On 24 July, the European Commission presented its proposal aiming at reforming the payment cards system in Europe. On 28 August, on the Huffington Post in France, the EU Commissioner in charge of this reform, Michel Barnier, defended the idea that his reform will not penalize consumers.
The general reduction of the interchange fees (which represent the transfer from the merchant’s bank to the consumer’s when the latter pays by card) is one of his reform’s key pillars. This reform was been presented as being in favor of merchants and consumers, thanks to a better competition among payment institutions. Nevertheless, a deeper analysis reveals a different reality.
Merchants claim that should interchange fees be removed, they would be enabled to reduce their prices to consumers. This argument is regularly used by the European Commission and other Competition Authorities in order to prove to consumers the interest of the reform. Nevertheless, a deeper analysis of the numbers prompts us to strongly nuance this statement. Indeed, in Europe, interchange fees represent €9,2 million based on a total card transaction volume of €1,8000 billion (for an average of 0.5%). In practical terms, for a pack of six bottles of milk costing €5, included in a total card payment of €80, this fee is about €0,026. For a stick of butter sold €1.20, included with the same € 80 card transaction, the fee is €0.006(less than one cent).
Can we imagine that merchants will reduce their price to the nearest thousandth? In opposition to the European Commission’s beliefs, merchants will very likely increase their margins more than diminishing their prices. Moreover, a price decrease would not be perceptible by consumers. The price variation per sold unit is so small that it is highly unlikely that prices will decline. It would be very naïve to believe that the price difference will be directly transferred into the final price. And also this would not take into consideration all the different elements which really make a product cost what it costs.
On the consumer side, a decrease of interchange fees would be followed by an increase of the cardholder fee. The latter is already very constrained by the law (no charge for cheques and for basic operations done by indebted clients; etc.) and any increase of bank fees to consumers will not be able to be based on any direct correlation. If interchange fees are completely removed, it would cost around €1,2 billion per year to French cardholders. A reduction of 50% will be followed by extra cost of €600 million a year (more than €25 per household per year, and VAT should be added on top).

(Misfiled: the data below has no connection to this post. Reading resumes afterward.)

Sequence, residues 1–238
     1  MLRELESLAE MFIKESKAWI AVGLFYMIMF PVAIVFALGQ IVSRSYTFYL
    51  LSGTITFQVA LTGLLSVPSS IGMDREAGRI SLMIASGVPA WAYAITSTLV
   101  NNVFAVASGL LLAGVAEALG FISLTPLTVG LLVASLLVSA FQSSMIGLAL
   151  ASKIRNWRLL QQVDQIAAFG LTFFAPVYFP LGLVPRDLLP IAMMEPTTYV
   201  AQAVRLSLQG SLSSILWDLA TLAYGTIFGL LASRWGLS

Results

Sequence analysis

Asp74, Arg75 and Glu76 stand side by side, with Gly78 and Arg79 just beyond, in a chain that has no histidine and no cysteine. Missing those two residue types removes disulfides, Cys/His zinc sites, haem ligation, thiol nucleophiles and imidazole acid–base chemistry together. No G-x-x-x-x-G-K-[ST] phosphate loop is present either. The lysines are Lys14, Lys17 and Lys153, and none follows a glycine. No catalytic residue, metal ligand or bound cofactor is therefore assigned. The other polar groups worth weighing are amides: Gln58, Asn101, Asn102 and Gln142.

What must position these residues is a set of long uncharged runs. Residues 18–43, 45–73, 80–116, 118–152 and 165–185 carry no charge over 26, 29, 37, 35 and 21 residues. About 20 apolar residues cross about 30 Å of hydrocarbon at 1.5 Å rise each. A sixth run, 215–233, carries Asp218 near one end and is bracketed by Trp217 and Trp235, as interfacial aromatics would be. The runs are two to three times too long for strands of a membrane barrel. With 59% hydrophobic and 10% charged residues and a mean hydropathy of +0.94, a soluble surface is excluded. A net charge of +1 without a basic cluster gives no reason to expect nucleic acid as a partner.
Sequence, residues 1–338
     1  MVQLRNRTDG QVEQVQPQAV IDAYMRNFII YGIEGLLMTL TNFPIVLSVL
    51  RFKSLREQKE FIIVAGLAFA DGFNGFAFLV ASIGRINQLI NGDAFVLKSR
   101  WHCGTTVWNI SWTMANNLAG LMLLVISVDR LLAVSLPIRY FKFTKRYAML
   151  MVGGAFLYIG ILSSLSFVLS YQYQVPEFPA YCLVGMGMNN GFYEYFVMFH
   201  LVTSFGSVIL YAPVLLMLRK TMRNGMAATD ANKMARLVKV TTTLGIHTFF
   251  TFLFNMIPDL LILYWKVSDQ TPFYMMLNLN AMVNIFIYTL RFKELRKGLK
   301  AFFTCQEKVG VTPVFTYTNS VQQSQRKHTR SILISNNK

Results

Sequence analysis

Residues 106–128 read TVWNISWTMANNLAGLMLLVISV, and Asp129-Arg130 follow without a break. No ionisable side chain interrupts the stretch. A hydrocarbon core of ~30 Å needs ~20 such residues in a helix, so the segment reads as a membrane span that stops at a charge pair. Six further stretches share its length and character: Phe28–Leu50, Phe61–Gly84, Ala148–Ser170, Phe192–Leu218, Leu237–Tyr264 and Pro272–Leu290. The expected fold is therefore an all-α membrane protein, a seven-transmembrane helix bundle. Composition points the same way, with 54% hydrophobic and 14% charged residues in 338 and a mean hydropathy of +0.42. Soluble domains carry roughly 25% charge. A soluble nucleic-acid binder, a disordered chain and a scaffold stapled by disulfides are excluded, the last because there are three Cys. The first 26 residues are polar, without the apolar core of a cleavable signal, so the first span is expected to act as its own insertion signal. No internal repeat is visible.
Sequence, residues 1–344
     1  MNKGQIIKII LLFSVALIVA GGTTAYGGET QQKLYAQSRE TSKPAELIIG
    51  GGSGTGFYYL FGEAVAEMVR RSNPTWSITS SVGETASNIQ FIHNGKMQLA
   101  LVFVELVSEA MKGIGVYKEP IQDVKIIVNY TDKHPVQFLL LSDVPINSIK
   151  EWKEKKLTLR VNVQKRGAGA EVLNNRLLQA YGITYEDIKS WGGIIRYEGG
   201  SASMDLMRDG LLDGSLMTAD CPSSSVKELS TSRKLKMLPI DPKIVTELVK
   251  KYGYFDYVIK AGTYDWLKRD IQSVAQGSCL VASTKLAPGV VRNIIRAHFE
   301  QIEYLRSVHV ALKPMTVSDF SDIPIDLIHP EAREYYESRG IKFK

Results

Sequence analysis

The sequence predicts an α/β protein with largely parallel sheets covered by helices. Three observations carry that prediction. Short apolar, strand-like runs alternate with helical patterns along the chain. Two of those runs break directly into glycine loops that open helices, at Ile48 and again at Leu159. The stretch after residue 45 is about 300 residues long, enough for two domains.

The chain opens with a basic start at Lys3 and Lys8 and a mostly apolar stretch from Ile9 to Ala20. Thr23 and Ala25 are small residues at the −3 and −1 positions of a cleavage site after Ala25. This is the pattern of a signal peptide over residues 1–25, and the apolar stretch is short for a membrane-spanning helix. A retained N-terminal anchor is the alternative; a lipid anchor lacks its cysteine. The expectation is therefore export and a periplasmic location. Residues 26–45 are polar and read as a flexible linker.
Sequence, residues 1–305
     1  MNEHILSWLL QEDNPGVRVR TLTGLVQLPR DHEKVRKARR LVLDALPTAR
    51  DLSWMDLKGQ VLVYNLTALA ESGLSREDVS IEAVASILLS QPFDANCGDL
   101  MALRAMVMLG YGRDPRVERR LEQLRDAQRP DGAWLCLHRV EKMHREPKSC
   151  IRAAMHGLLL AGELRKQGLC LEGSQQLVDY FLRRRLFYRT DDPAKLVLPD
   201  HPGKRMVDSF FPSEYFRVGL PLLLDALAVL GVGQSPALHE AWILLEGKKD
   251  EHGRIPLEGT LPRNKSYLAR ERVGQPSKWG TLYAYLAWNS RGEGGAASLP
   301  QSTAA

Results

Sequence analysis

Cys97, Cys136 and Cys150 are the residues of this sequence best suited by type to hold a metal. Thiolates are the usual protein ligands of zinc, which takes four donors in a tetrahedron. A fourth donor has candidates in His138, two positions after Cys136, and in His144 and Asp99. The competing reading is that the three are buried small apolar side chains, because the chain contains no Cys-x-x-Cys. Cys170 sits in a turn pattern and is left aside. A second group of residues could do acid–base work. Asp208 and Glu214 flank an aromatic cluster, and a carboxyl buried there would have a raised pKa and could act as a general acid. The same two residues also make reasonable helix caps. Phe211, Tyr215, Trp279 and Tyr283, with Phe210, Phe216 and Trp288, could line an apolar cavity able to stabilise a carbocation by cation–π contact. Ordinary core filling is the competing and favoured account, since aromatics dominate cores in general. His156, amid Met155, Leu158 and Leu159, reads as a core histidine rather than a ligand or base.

Beyond this, the economic reasons driving the European Commission’s decisions are not very clear. The confusion of arguments stems from economic theories which wrongly define the payment market as a standard goods and services market, as if any transaction between two agents would only be a market transaction. But by its own nature, interchange cannot be considered as a basic service: it is based on the sharing of costs between providers which cooperate within the same system in order to jointly deliver a unique service to their own clients. Without this necessary cooperation between banks (which are also competing with each other), the service could not exist. Each bank does not sell some independent services (payment acceptance for merchants; payment for consumers; and other services – which cannot be legally defined by the other bank it cooperates with) but a unique general service to clear and settle commercial transactions.
As it was explained by Economy Professor Raymond Barre (former French Prime Minister), the money is not a banal economic good: it is a good made for economic transactions, and not for consumption. Money facilitates satisfaction of users.
Consequently, the payment system’s efficiency cannot be measured like a basic market offering goods and services would be. The use of cards is legitimate when it generates positive externalities for merchants and consumers. Interchange is not a market price, but the way to share the costs related to the infrastructure.
Ultimately, the European Commission is entangled in its doctrine, and is its own victim. By trying to reduce the prices for the well-being of consumers, via competition laws, it will achieve a result in real opposition to its objectives. This result is going to reinforce the margins of large retailers, and will not support European citizens’ purchasing power. In its war against interchange, retailers take retail banks as hostages, to the detriment of consumers.
François Schwerer, PhD in law and business economy is the former Chief Legal Officer of La Banque Postale. Previously, he was Chief Legal Officer for Crédit Mutuel and Caisse d’Epargne Languedoc-Roussillon.
Source: Huffington Post